Prime Minister Hun Sen yesterday launched a searing personal attack on Cambodia National Rescue Party president Sam Rainsy, saying he was the “son of a traitor” and nothing like Aung San Suu Kyi, whose party this week trounced Myanmar’s military junta in historic elections.
Responding to recent comments by Rainsy suggesting the success of Suu Kyi’s National League for Democracy (NLD) foreshadowed the premier’s own downfall in the 2018 national election, Hun Sen blasted the CNRP leader in videos and text posted on his Facebook page, and warned of possible legal action against the opposition’s leadership.
“I cannot keep calm because of this insult by the son of a traitor,” Hun Sen wrote, noting the differences in Myanmar and Cambodia’s political landscapes.
“[I] appreciate the success of the opposition in Myanmar . . . but the opposition leader in Cambodia . . . again took this opportunity to attack me and again destroyed the culture of dialogue that, recently, was being fixed [thanks] to the meeting set up between Deputy Prime Minister Sar Kheng and Sam Rainsy,” a reference to recent high-level talks to defuse political tensions following an attack on two CNRP lawmakers last month.
Hun Sen then turned his attention to Rainsy’s father, Sam Sary, a former top government official and ambassador to England in the 1950s who fell out of favour with then-head of state Prince Norodom Sihanouk and fled Cambodia when his name was attached to an alleged coup plot.
He said the opposition leader could not compare himself to Suu Kyi because her father, Aung San, considered the father of Myanmar’s independence from colonialism, was a “patriot”, whereas his was a “traitor”.
“Your Excellency called me a dictator, and today I called you son of a traitor, but it is not me who insulted your family . . . I am following the word used by the former regime,” he said.
“I know in our modern society it is difficult to be accepted [as a traitor], but I cannot change the historic traitor to [a nationalist],” he wrote, later adding: “The leaves do not fall far from the base of the tree.”
In a video posted later in the day, Hun Sen then warned Rainsy and his deputy Kem Sokha that they faced legal action for “defamation” over recent comments by Rainsy in Japan calling for international help to ensure free elections because the CPP wanted to avoid the “democratic process”.
“This time, don’t expect to run out of the country if you [Rainsy] still continue to abuse [the law],” he said, after also raising the spectre of legal action over anti-government rallies following the disputed 2013 election.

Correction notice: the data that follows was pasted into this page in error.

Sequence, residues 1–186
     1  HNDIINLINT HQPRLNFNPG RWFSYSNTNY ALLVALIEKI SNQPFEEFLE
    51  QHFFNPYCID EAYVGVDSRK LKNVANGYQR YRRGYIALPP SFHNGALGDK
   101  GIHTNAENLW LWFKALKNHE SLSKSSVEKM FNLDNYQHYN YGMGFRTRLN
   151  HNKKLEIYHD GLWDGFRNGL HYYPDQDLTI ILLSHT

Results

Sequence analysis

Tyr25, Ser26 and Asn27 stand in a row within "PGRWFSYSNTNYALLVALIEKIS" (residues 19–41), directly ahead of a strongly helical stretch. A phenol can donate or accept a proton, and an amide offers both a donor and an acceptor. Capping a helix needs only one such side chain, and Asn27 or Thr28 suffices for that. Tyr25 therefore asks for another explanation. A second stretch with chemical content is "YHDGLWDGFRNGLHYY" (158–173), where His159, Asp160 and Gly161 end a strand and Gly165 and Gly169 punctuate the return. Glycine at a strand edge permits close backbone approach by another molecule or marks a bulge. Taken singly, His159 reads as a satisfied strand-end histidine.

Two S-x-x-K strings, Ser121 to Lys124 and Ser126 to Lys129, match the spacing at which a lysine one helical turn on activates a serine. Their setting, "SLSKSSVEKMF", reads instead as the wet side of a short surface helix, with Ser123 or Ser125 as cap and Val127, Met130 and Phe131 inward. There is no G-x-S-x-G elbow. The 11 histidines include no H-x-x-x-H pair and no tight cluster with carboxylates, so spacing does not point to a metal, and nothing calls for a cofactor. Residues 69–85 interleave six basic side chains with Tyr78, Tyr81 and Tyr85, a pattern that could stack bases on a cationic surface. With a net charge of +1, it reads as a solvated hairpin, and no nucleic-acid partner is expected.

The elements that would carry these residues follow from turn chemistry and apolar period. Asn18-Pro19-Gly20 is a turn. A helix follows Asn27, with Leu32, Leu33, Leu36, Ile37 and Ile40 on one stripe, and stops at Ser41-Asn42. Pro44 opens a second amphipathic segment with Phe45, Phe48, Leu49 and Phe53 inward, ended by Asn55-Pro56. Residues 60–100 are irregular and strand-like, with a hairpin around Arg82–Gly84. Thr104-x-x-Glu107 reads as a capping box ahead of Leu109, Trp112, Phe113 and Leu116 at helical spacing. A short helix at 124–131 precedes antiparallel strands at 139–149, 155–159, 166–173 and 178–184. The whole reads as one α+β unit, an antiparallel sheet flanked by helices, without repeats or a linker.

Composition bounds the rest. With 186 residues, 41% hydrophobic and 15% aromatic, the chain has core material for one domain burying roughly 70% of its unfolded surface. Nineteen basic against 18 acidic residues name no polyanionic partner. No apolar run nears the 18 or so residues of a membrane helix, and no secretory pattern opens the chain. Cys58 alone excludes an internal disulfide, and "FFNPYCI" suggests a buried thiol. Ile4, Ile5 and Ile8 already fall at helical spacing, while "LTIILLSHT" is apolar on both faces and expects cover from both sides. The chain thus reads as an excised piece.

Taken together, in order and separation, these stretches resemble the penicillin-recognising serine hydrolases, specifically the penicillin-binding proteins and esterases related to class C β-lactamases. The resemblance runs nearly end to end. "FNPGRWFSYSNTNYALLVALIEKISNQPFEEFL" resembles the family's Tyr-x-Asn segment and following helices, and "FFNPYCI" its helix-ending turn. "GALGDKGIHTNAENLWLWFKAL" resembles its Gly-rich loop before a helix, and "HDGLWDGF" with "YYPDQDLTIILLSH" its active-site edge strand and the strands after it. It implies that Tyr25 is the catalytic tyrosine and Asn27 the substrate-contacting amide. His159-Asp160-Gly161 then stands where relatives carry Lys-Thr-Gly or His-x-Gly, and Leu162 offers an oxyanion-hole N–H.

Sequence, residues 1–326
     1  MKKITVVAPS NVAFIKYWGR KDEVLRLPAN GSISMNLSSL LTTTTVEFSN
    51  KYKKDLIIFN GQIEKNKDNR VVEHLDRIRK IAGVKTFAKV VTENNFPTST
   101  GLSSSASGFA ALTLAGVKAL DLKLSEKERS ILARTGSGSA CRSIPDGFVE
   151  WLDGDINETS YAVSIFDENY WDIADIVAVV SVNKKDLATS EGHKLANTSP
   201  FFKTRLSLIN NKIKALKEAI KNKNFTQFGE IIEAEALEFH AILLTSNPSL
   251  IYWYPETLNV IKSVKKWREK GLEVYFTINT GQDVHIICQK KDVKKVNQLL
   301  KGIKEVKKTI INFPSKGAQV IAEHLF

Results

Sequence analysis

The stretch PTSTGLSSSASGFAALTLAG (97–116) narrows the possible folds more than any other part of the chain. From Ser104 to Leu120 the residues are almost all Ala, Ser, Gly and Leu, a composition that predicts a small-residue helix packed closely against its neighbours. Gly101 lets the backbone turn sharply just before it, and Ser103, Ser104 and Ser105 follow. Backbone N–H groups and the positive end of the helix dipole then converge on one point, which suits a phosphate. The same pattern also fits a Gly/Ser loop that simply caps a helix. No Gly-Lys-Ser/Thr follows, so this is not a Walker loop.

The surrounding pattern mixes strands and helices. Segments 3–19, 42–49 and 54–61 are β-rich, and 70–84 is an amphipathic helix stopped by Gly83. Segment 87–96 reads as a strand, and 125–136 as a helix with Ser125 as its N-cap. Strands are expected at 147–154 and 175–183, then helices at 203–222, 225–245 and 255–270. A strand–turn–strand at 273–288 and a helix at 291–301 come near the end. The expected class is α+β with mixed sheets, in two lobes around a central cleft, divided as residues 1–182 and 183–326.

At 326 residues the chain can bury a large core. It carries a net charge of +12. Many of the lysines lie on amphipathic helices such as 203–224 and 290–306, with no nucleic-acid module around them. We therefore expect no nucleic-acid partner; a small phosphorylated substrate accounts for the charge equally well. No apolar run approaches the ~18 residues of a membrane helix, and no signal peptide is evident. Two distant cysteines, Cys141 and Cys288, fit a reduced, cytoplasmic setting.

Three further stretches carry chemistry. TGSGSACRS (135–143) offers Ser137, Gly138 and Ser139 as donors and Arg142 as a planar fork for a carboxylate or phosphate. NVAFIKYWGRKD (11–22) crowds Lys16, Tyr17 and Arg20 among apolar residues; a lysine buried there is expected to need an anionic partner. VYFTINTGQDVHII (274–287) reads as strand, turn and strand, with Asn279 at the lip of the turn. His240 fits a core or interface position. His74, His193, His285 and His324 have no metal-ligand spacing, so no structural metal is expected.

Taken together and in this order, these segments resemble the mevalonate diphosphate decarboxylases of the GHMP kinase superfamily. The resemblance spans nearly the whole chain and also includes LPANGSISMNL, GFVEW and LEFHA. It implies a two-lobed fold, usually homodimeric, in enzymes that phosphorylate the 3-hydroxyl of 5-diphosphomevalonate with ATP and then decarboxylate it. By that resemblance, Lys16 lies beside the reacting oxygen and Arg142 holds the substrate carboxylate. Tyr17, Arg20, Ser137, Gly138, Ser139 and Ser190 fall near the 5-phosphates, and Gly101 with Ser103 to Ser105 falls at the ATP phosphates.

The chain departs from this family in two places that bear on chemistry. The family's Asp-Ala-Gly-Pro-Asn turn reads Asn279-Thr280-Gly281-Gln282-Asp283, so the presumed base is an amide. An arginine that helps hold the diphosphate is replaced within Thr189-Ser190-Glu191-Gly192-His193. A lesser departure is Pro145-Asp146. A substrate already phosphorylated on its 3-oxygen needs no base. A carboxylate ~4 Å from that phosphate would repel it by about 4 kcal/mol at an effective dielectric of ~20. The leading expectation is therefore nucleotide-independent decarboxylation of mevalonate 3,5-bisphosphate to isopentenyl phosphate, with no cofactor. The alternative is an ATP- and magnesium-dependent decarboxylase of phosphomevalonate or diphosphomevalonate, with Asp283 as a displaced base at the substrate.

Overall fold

Further, in a bid to seemingly embarrass the CNRP leader, Hun Sen released the alleged text of a personal apology Rainsy sent him on October 29, three days after CNRP lawmakers Nhay Chamroeun and Kong Sakphea were brutally beaten outside parliament during the tail end of a pro-Cambodian People’s Party rally against Kem Sokha.
The message, which sits awkwardly next to Rainsy’s initial accusation that Hun Sen had orchestrated the attack using “fascist methods”, reminds the premier of the family dinner the political rivals enjoyed in July, when relations between the parties were at a high point under the so-called “culture of dialogue”.
“I strongly regret [my commentary] whether or not it was caused by misinterpretation . . . I would like to apologise to Samdech, if I made you disappointed [even] unintentionally,” he wrote.
Rainsy, who is in Japan, did not respond to requests for comment yesterday, but re-issued a statement standing by the apology as “good manners”.
Political tensions remain high after the lawmakers’ bashing and subsequent ousting of Kem Sokha as the parliament’s first vice president.
The prime minister has denied the CPP organised the attacks, for which three soldiers have been charged.
He has, however, acknowledged the initial 2,000-strong protest that preceded the violence was organised in response to opposition protests that met him on recent state visits to New York and France.
Only last week, both Hun Sen and Rainsy pledged to continue the so-called culture of dialogue, an agreement – stemming from last year’s deal to end the CNRP’s boycott of parliament – to end the charged and combative rhetoric that has for so long characterised Cambodian politics.
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